Carasynthia Dune, a former shock trooper of the Alliance to Restore the Republic, committed several crimes following the Galactic Civil War that carried life sentences should she be apprehended by the New Republic. Knowing the consequences of having her chain code run through official channels, she resolved to lay low on Outer Rim worlds like Sorgan to avoid prosecution.[4] After liberating Nevarro of Imperials with Djarin and Karga, the magistrate offered Dune a position as his enforcer, promising to take care of whatever "clerical concerns" she had regarding her chain code.[10] After taking up Karga's offer, Dune later went on to become a deputized marshal of the New Republic.[6]

Many years after his chain code was first encoded into his armor, the mercenary Boba Fett sought to reclaim his father's equipment, which was by that point in the hands of Din Djarin. Djarin was strongly opposed to returning the armor to Fett, as the Mandalorian Creed dictated that it rightfully belonged to the Mandalorian people. In order to convince the hunter that his claim to the armor was justified, Fett showed his chain code to Djarin on the planet Tython, proving to the man that Fett was of Mandalorian heritage.[6]

Behind the scenes[]

Chain codes were first mentioned within the first episode of the The Mandalorian, a Disney+ television series created by Jon Favreau.[3] The codes are mentioned several times throughout the first season, later appearing onscreen through a hologram of Boba Fett's code in the sixth episode of the show's second season.[6]

Appearances[]

Sources[]

Notes and references[]

  1. 1.0 1.1 The Star Wars Book
  2. 2.0 2.1 2.2 Star Wars Bad Batch.jpg Star Wars: The Bad Batch – "Cut and Run"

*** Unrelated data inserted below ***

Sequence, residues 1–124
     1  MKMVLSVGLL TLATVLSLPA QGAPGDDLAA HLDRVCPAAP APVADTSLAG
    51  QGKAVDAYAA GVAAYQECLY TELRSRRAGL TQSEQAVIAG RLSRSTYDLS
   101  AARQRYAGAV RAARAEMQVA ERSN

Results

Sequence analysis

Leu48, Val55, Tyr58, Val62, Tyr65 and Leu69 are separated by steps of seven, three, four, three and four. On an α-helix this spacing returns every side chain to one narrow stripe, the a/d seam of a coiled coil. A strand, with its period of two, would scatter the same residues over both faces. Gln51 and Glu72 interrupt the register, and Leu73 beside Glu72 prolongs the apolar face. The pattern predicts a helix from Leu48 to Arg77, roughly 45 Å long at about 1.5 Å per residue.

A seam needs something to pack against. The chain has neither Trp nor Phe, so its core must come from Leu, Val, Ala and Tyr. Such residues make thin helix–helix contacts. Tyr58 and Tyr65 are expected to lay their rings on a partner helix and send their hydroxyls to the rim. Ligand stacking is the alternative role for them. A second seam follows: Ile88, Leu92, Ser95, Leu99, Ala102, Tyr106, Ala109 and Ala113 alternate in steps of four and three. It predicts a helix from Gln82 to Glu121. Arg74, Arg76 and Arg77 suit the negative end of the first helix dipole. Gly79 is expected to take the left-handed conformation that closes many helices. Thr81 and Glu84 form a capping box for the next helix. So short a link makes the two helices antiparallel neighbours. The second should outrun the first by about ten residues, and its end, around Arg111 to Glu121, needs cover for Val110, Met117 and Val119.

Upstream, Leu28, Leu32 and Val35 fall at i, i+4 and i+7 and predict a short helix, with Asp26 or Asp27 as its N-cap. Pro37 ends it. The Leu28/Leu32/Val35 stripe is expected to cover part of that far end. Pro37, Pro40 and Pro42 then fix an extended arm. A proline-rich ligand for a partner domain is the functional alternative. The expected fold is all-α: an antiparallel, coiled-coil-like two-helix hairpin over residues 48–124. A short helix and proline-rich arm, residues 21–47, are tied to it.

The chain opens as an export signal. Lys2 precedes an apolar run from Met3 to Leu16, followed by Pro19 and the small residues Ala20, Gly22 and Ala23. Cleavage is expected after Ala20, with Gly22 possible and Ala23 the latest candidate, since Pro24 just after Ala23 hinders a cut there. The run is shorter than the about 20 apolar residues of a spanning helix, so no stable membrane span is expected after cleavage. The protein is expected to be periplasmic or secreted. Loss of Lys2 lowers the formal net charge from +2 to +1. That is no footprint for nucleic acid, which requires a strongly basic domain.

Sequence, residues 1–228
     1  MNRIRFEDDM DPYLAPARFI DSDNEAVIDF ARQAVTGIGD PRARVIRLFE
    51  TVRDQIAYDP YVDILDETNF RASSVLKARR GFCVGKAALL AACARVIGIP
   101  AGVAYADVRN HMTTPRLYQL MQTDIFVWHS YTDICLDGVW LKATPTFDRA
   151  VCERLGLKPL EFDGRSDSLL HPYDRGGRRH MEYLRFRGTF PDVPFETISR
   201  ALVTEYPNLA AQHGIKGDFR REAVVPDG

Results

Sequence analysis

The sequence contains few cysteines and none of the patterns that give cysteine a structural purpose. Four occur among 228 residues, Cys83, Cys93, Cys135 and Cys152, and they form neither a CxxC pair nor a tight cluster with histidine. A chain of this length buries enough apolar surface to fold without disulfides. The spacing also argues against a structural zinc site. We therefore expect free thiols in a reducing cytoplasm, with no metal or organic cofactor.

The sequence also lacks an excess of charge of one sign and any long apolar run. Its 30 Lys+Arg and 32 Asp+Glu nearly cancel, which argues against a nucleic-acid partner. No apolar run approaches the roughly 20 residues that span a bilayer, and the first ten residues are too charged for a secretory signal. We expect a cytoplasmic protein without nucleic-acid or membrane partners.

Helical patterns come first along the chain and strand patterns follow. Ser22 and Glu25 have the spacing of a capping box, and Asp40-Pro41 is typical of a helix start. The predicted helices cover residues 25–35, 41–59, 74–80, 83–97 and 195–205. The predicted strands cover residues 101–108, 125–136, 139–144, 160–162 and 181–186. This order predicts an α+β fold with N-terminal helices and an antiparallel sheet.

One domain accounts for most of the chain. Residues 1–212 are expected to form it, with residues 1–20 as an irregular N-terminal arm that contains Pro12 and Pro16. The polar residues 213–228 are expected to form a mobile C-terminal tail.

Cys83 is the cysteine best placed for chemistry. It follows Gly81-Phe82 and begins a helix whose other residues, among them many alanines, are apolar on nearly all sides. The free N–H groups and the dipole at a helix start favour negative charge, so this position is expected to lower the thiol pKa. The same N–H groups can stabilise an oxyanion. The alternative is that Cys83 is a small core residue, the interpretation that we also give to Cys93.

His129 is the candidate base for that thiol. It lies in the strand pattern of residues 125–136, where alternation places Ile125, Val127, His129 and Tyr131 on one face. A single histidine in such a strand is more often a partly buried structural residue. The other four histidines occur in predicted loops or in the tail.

3. 3.0 3.1 3.2 3.3 The-Mandalorian-logo.png The Mandalorian – "Chapter 1: The Mandalorian"
  4. 4.0 4.1 4.2 4.3 4.4 The-Mandalorian-logo.png The Mandalorian – "Chapter 7: The Reckoning"
  5. SWInsider.png "A Certain Point of View"—Star Wars Insider 201
  6. 6.0 6.1 6.2 6.3 6.4 The-Mandalorian-logo.png The Mandalorian – "Chapter 14: The Tragedy"
  7. "Cut and Run" takes place shortly after Order 66, which Star Wars: Galactic Atlas dates to 19 BBY.
  8. Boba Fett states in "Chapter 14: The Tragedy" that his chain code was encoded into his armor twenty-five years prior to the events of the episode. StarWars.com SWCC 2019: 9 Things We Learned from The Mandalorian Panel on StarWars.com (backup link) establishes that The Mandalorian is set about five years after the events of Star Wars: Episode VI Return of the Jedi, which Star Wars: Galactic Atlas dates to 4 ABY. Therefore, the events of The Mandalorian, including Boba's appearance, must have taken place around 9 ABY. Furthermore, it can be determined using simple math that Boba's chain code was encoded into his armor around the year 14 BBY.
  9. StarWars.com SWCC 2019: 9 Things We Learned from The Mandalorian Panel on StarWars.com (backup link) establishes that The Mandalorian is set about five years after the events of Star Wars: Episode VI Return of the Jedi, which Star Wars: Galactic Atlas dates to 4 ABY. Therefore, the events of The Mandalorian must have taken place around 9 ABY.
  10. The-Mandalorian-logo.png The Mandalorian – "Chapter 8: Redemption"